D-Day: the Beginning of the End

Oradour - tramway station 2
Oradour-sur-Glane, one of the casualties of German retaliation following D-Day

Today marks the anniversary of D-Day, 6th June 1944, the Allied invasion of German-occupied France. Down here in SW France, the weather is equally damp today, but perhaps not quite as cold and windy as it was on that significant day back in 1944. The decision to go or not to go that Eisenhower had to make must rank as one of the most difficult in history.

Throughout France, resistance groups listened on clandestine radio sets for the coded message from Radio Londres that would signal the imminence of the Allied invasion. That message came shortly before 6th June, when Radio Londres transmitted the first stanza of Paul Verlaine’s poem “Chanson d’automne”. The words “Blessent mon coeur d’une langueur monotone” (wound my heart with a monotonous langour) were the signal to begin intense resistance activity.

Operation Overlord was only the beginning of the end. German troops put up fierce resistance and the Allies were unused to fighting in the often difficult terrain of Northern France. The war in Europe continued for almost a year after D-Day.

America’s direct involvement in World War II had started two and a half years earlier in December 1941, following the Japanese attack on Pearl Harbour. Hitler subsequently declared war on America and the U.S. entered the war in the European as well as the Pacific theatres.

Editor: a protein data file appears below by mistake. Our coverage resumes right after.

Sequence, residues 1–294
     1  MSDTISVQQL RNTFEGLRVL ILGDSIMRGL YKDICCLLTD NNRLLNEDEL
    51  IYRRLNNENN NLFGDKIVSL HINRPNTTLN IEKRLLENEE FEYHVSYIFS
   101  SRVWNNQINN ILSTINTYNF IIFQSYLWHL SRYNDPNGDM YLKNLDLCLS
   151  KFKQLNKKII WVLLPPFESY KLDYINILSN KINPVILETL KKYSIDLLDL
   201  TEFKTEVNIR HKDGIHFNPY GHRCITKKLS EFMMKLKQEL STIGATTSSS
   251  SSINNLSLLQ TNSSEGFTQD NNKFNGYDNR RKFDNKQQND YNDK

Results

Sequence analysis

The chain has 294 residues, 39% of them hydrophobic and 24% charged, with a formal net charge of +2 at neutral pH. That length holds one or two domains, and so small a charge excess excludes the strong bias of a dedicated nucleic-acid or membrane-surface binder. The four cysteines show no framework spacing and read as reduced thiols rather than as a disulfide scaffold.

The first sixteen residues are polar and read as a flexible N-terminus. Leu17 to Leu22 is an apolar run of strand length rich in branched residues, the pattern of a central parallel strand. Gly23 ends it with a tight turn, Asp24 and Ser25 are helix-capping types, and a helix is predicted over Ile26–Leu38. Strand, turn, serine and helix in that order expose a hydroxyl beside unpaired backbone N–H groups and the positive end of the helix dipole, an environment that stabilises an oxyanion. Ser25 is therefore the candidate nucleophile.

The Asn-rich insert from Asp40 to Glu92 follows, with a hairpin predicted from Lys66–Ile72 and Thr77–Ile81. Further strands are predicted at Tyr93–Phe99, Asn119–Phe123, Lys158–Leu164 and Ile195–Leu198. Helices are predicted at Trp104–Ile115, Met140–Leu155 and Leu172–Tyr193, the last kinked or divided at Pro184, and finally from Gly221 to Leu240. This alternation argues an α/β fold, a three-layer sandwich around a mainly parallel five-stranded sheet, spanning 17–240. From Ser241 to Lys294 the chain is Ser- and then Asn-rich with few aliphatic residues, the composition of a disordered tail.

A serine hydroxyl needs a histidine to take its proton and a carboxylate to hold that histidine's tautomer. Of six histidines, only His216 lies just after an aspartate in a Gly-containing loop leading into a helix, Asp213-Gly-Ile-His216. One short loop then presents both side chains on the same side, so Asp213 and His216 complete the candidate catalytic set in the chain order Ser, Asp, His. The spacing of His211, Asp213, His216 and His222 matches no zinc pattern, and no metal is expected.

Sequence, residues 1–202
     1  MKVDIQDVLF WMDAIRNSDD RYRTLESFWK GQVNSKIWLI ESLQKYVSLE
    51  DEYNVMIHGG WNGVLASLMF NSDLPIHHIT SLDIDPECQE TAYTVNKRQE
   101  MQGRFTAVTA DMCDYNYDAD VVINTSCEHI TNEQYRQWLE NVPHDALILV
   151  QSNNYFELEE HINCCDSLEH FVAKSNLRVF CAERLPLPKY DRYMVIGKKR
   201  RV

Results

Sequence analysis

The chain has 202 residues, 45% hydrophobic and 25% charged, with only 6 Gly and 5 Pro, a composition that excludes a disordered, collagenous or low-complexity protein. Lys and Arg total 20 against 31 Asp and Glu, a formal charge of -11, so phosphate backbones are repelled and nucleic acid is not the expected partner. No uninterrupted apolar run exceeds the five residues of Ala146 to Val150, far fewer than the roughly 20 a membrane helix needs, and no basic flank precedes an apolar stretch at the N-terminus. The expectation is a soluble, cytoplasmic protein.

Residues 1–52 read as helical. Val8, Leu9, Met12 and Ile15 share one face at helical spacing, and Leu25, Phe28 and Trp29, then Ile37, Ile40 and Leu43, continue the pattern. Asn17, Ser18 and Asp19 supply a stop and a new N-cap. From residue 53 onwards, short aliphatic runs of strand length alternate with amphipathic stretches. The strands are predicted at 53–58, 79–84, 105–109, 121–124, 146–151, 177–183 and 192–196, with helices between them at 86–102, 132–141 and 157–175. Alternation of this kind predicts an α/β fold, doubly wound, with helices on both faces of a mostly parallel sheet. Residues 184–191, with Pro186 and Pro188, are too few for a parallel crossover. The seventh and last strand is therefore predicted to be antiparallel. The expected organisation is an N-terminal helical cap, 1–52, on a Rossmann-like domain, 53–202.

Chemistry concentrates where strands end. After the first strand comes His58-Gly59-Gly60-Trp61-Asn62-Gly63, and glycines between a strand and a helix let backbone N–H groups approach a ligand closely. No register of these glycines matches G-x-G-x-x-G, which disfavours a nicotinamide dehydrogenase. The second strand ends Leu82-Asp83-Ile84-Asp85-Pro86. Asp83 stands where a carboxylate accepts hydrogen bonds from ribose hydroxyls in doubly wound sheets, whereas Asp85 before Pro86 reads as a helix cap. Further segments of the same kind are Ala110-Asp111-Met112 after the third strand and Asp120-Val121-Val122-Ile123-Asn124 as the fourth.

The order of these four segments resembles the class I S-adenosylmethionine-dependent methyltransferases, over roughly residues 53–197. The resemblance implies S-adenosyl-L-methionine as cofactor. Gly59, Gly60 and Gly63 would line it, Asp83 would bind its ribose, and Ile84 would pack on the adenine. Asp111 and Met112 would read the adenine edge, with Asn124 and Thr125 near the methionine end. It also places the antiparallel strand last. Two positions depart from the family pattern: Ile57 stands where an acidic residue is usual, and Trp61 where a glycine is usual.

My short story, “The List”, is loosely based on a true story and set around the time of Pearl Harbour. A high ranking German officer has been shot in a town in Western France. The Germans execute 50 hostages and threaten to shoot a further 50 if the killers are not handed over. A Jewish Communist, Joseph Mazelier, is on the list. Will Countess Ida allow conscience to win out over her personal security and help him to escape?


Those of you who have read “The List” may be interested to know that my work in progress is a three-novel series about the life of Countess Ida. Book 1 starts in the 1890s. Marie-Thérèse Vernhes, born to a poor farming family in Aveyron, overcomes considerable barriers to become an opera singer under the stage name Ida Vernet. Book 2 will take forward Ida’s story in World War II.

You might also like:

The Story Behind ‘The List’: Occupied France 1941-42
Death of a Village: Oradour-sur-Glane [on my French life and history blog]

Copyright © Vanessa Couchman 2018, all rights reserved

Published by Vanessa in France

We moved to an 18th-century farmhouse in SW France in 1997. I'm fascinated by French history, rural traditions and customs. I also write historical novels and short stories.

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